Labelling of intact lysosomes Lysosomes were prepared as described above. The lysosomes, from 2 g of starting material, were diluted in 0.25 M-sucrose, pH 7.4, giving a final volume of 4 ml. Samples (200 ,d; 200 ,g of protein/sample) were incubated at 37 °C with 0.1 ,tM-Z-_[121]iodoTyr-Ala-CHN2 for 10 min-3 h. After being labelled, the lysosomes were sedimented (10 min at 10000 g), the supernatant 1992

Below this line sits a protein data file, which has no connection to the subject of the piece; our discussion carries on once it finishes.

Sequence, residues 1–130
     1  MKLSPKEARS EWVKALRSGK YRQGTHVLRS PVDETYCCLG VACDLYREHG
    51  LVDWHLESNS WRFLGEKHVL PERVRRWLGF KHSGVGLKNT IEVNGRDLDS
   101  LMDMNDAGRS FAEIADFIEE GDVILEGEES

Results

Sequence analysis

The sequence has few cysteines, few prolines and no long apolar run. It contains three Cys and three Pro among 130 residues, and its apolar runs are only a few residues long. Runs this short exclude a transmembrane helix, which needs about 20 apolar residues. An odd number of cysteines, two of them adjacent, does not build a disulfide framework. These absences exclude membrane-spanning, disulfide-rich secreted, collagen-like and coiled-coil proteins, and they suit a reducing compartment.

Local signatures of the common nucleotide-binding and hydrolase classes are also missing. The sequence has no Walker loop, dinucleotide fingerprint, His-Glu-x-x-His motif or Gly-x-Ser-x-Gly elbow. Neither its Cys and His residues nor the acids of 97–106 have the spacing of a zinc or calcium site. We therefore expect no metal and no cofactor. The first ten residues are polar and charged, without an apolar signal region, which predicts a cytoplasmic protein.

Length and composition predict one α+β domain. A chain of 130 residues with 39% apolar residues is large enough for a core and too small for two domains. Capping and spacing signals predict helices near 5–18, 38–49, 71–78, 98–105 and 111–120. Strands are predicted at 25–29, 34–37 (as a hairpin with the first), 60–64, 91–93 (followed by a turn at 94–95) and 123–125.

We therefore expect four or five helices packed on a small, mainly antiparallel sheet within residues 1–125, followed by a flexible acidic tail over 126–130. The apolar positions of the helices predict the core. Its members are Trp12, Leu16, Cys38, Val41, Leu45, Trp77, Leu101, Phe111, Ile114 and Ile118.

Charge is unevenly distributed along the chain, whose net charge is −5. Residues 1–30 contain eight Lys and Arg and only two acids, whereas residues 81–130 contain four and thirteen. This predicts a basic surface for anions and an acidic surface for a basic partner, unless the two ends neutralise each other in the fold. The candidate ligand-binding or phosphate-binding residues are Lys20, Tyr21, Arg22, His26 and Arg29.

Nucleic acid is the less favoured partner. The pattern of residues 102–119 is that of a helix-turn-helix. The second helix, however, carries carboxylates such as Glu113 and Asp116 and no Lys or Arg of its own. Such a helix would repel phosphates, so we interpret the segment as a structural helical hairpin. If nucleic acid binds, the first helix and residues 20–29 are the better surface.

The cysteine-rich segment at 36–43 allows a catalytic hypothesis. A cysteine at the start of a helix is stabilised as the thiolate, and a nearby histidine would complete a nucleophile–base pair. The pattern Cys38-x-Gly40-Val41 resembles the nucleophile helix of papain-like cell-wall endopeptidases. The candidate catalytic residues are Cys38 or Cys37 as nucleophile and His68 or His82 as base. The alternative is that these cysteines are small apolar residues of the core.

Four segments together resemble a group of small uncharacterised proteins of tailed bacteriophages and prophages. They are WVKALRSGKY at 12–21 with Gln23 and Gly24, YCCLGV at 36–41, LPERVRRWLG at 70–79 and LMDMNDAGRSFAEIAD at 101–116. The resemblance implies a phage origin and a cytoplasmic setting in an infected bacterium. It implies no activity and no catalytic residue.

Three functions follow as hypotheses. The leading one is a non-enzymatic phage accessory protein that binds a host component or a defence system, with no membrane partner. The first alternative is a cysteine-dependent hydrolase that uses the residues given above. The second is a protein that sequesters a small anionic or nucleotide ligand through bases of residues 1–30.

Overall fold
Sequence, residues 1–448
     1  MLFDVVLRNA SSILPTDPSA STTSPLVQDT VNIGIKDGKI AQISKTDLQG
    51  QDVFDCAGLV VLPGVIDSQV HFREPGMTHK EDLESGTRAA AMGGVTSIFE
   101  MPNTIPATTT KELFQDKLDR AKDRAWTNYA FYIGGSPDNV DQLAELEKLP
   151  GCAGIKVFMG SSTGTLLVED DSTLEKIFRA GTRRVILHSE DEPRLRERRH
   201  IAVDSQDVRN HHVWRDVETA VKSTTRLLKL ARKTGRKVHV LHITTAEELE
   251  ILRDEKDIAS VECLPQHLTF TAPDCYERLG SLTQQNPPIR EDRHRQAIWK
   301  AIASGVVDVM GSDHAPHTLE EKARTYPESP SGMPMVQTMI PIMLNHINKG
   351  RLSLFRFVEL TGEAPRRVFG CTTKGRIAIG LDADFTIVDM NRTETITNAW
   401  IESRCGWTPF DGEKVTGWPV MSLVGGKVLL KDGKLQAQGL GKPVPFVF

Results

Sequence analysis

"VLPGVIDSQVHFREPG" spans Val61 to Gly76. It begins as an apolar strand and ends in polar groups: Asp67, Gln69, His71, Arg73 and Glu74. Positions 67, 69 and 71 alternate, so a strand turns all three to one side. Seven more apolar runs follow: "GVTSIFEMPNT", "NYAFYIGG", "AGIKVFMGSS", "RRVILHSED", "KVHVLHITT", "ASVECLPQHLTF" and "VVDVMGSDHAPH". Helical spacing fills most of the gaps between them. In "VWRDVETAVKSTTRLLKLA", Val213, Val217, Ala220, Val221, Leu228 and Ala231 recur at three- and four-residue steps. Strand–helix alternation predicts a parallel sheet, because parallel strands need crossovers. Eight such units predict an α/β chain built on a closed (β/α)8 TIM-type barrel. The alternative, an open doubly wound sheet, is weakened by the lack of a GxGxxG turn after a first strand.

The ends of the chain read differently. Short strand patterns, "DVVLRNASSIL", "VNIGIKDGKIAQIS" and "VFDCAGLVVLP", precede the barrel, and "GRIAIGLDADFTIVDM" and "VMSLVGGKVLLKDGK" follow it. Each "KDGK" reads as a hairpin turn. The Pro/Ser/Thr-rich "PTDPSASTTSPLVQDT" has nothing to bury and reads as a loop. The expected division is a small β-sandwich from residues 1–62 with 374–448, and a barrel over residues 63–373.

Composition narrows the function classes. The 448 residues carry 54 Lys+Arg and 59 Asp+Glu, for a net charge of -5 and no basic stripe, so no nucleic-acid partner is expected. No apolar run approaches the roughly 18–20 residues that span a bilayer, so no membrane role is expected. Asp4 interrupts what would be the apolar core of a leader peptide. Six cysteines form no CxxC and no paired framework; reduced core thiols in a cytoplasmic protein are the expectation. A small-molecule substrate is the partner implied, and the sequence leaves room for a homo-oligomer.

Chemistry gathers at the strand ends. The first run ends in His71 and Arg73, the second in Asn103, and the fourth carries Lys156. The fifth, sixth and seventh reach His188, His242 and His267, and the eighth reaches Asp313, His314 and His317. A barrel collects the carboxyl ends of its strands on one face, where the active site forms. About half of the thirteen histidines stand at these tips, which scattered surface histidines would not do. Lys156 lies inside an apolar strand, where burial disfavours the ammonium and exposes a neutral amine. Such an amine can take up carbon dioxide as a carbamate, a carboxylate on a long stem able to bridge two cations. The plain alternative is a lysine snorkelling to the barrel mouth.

Inhibition of cysteine proteinases was removed and the pellet resuspended in an equal volume of SDS/PAGE sample buffer. Labelling of lysed lysosomes Lysosomes were prepared from mouse liver and diluted into 0.25 M-sucrose, pH 7.4. They were then divided into 200 jul portions (200 ,ug of protein/portion), spun down and lysed in 200 ,l of buffer containing 20 mM-sodium acetate (pH 5.5), 1 % Triton X-l00, either with or without 4 mM-dithiothreitol. The lysates were then incubated with 0.1 4uM-Z-[125I]iodo-Tyr-AlaCHN2 for times up to 3 h. The labelled lysates were then precipitated with trichloroacetic acid (final concentration of trichloroacetic acid 3.3 %, w/v), the precipitate was washed twice in acetone and then redissolved in SDS/PAGE sample buffer. The lysosomes were then submitted to SDS/PAGE on 12.5 % gels and the labelled proteins were visualized by using autoradiography. Blocking of labelling of intact lysosomes Lysosomes were prepared as described above, either intact or lysed, and labelling was blocked by preincubation with various inhibitors. The samples (200 ,ug of protein in 200,u) were preincubated in 10 /tM-blocking inhibitor for 1 h at 37 'C. After blocking, 0.1 /ZM-Z-[1251]iodo-Tyr-Ala-CHN2 was added and labelling continued for a further 1 h. After being labelled, the lysed lysosomes were precipitated as described above and the intact lysosomes were spun down and resuspended in SDS/PAGE sample buffer. The lysosomes were then submitted to SDS/PAGE on 12.5 % gels and the labelled proteins were visualized by using autoradiography. Immunoprecipitation Cathepsin B. The cellular or lysosomal extract was prepared by solubilization in 1 ml of 1O mM-Tris/HCI/l mM-EDTA/0.2 % SDS/I % Triton X-100 (pH 7.5). The resultant extract was then boiled for 15 min, and cooled on ice. A pre-clear was performed by using 10 #1 of normal sheep serum and 20 1l of rabbit anti-sheep IgG and 60 4u1 of 10% [w/v in phosphate-buffered saline (240 mM-NaCl/2.7 mM-KCl/1.5 mM-NaH2PO4/8.1 mmNa2HPO4)] Protein A-Sepharose suspension. Specific immunoprecipitation was performed by using affinity-purified sheep anti-(human cathepsin B) IgG (5 ,ll), rabbit anti-sheep IgG (10,ul) and 10% (w/v in phosphate-buffered saline) Protein A-Sepharose (30 ,l) for 2 h at 20 'C. The resulting precipitate was washed ( x 3) in solubilization buffer and resuspended in SDS/PAGE sample buffer. Cathepsin L. The cellular or lysosomal extracts were prepared by solubilization in 10 mM-Tris/l mM-EDTA buffer, pH 7.5. A pre-clear was performed by using 101 of normal rabbit serum and 30,u1 of 10% (w/v in phosphate-buffered saline) Protein A-Sepharose. Specific immunoprecipitation was performed by using rabbit anti-(mouse cathepsin L) IgG (10 l), and 10% (w/v in phosphate-buffered saline) Protein A-Sepharose (30 ,u1) for 2 h at 20 'C. The resulting pellet was washed once in the lysis buffer, followed by two washes in lysis buffer containing 0.2 % SDS and 1 % Triton X- 100, and then resuspended in SDS/PAGE sample buffer. Cell culture The cell lines, HT1080, Balb/c 3T3, KNIH 3T3 and HIFF cells, were maintained in Dulbecco's modified Eagle's medium, supplemented with 10% fetal bovine serum. The cells were cultured in a humidified C02 incubator at 37 'C and 5 % CO2. Labelling of cells in culture The cells were washed in serum-free medium and then cultured for 30 min-3 h in serum-free medium containing 0.1 ,uM-ZVol. 285